Despite all this, Pendergrast is optimistic. He is a legal consultant to the Apalachicola-Chattahoochee-Flint Stakeholders, a consortium of industry, agriculture, seafood, and government leaders who are brokering a water management plan that could put an end to the water war. “These folks got frustrated by the political inability of the governors to come up with a deal,” Pendergrast explained while sipping a glass of white wine. “If they can reach a plan by consensus, that should provide both the pressure and the political cover for the governors to be able to say, ‘Okay—if all the people who are interested in this can agree to this, then I can too, and nobody can say I caved.’”
Pendergrast, who was invited to the Outstanding in the Field dinner by a friend, said the group has been meeting quarterly for about four years and was close to finalizing a deal. As for the extent to which Atlanta is to blame for the oystermen’s woes, he said it wasn’t fair to demonize the area’s residents. “Atlanta is a piece of the puzzle,” he admitted, “but I will say it’s not the enemy. The data shows that approximately 5 percent of the water flow that would make it to Apalachicola Bay actually originates at or above Atlanta.”
Pendergrast was cut short by Denevan, who mounted a stack of planks by the water and called for the guests’ attention. After chatting for a moment about Outstanding in the Field, he yielded the floor to Tommy Ward’s son, T.J.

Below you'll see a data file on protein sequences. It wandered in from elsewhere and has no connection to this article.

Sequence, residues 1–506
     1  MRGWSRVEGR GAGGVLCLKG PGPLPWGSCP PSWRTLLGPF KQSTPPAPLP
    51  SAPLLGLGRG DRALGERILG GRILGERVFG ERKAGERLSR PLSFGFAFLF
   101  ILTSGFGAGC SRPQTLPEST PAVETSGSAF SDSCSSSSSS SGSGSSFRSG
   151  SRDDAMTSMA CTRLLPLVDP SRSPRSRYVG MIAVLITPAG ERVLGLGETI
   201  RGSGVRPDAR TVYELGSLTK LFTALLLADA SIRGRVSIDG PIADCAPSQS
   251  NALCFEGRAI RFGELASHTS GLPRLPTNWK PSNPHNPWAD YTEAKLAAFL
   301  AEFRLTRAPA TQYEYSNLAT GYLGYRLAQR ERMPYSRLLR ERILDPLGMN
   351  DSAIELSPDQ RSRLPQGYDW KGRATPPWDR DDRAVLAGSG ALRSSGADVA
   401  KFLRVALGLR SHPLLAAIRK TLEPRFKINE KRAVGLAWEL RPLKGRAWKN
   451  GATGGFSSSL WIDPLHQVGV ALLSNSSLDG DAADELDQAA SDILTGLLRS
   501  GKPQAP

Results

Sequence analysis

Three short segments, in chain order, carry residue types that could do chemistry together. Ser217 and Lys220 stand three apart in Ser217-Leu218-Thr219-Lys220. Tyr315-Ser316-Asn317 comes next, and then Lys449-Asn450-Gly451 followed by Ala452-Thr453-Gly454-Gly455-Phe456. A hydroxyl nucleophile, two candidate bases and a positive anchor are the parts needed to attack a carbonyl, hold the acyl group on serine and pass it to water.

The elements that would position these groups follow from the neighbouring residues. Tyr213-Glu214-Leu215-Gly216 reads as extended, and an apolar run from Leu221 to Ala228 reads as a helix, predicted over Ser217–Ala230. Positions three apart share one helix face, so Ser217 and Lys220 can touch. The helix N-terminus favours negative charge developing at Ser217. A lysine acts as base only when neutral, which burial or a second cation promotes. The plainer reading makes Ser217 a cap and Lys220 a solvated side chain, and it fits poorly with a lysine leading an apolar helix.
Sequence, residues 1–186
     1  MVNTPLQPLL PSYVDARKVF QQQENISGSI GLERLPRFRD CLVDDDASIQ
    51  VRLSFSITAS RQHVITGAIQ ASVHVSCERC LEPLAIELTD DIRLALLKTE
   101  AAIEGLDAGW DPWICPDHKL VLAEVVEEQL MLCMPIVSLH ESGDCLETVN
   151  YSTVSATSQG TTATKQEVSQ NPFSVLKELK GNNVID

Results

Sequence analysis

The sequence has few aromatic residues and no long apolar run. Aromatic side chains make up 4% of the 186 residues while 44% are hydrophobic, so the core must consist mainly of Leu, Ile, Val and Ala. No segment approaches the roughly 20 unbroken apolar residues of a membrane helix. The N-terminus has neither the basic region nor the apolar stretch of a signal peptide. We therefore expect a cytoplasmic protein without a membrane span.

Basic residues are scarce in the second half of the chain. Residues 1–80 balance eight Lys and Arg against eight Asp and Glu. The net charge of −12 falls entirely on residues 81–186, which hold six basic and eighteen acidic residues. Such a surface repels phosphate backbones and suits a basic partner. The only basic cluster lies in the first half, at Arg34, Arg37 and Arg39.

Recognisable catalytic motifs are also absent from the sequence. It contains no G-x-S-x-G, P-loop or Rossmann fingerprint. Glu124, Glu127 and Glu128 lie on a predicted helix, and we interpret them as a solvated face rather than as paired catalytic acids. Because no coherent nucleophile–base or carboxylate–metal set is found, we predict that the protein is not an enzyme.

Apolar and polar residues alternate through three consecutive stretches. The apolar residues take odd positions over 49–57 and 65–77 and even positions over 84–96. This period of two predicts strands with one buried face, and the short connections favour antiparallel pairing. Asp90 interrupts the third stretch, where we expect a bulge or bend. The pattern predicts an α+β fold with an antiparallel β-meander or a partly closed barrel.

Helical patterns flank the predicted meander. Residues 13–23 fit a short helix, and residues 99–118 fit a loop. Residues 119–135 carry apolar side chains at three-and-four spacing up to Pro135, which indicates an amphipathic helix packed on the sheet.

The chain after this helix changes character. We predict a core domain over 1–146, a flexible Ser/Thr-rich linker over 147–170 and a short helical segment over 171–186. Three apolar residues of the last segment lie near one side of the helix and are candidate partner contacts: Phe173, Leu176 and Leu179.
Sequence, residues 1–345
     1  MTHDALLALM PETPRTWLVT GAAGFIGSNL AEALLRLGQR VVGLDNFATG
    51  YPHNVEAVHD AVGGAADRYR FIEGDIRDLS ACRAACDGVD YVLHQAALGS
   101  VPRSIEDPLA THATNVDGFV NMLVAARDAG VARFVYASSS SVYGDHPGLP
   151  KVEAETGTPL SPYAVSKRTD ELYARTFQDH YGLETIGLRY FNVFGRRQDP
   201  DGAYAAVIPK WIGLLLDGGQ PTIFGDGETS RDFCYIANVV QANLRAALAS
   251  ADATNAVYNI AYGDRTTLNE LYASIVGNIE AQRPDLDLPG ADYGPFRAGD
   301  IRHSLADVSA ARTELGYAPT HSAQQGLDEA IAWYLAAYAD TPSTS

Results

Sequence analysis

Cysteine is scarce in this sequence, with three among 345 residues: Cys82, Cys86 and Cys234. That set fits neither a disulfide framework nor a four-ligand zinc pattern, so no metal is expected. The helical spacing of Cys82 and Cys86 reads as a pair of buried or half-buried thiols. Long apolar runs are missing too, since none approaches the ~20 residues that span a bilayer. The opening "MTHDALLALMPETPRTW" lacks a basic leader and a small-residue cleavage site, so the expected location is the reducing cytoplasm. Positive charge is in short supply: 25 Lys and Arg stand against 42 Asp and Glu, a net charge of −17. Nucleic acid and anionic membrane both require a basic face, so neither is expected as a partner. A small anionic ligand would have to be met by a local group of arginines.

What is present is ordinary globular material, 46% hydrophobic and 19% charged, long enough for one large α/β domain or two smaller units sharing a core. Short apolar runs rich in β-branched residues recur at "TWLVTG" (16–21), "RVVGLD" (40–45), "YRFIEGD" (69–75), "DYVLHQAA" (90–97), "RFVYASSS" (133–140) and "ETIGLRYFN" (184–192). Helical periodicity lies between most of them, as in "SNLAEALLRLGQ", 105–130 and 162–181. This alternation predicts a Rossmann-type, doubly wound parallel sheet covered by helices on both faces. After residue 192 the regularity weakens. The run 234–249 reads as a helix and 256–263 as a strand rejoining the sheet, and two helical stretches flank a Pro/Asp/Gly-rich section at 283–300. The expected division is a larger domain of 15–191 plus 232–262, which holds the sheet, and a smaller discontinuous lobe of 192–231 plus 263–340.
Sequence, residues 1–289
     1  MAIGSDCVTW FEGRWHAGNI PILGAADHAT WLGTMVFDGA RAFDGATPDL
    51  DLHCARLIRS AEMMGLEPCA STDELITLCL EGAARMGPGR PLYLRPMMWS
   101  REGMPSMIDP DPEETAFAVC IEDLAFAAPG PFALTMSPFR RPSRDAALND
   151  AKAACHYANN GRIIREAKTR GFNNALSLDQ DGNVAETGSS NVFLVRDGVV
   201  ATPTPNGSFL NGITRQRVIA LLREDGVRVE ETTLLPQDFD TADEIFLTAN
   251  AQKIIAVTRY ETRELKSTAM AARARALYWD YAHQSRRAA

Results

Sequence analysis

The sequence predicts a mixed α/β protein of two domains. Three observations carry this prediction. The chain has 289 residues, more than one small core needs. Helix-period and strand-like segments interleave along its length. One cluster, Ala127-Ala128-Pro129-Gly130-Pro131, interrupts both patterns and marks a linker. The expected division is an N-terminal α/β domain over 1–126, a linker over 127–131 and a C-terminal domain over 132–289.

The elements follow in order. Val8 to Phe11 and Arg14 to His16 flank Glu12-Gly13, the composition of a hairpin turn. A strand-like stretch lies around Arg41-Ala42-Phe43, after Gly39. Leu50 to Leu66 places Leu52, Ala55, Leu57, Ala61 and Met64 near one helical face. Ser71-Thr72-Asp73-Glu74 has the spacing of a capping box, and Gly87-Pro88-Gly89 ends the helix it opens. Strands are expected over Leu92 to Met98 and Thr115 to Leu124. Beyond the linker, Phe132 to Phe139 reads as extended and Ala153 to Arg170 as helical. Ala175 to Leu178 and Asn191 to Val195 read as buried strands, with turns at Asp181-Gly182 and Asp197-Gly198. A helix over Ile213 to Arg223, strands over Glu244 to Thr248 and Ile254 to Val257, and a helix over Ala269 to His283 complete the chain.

The Wards are seafood royalty in these parts, and T.J. Ward’s blood certainly runs blue. It’s blue like water. Blue like the blood of the horseshoe crabs that swarm the beaches of his beloved bay each spring. Blue like the sadness that comes with watching your way of life teeter on the brink of ruin.
I love this place. We’ve been unloading oysters here since the 1920s, and it’s become more than just a business—it’s our life.
Ward, in a baseball cap and dark sunglasses, took the stand from Denevan. His speech was brief but heartfelt, clashing with the laughter and revelry of the audience, most of whom were already on a first-name basis with the wine pourers who had set up shop by the shucking stations.
“I love this place,” Ward told the crowd. “We’ve been unloading oysters here since the 1920s, and it’s become more than just a business—it’s our life.” At that, a shallow stream of tears leaked from behind his glasses and glinted in the midday sun. Not many people seemed to notice. “Production levels right now are probably the worst they’ve ever been,” he went on, “so, everyone here, enjoy what you’re having because not many people get to.”
And, with that, the feasting commenced.
The next morning, T.J. Ward stood on the docks behind his family’s seafood market in downtown Apalachicola. Engulfed by the shadows of the shrimp trawlers, he seemed more at ease, despite the icy wind at his face. He dipped tobacco—“baseball habit, wish I didn’t have it”—and paused as he spoke to point out the different species of birds that would erupt into squawking from beneath the boats every few minutes. “That’s a kook,” he pointed out, and so on.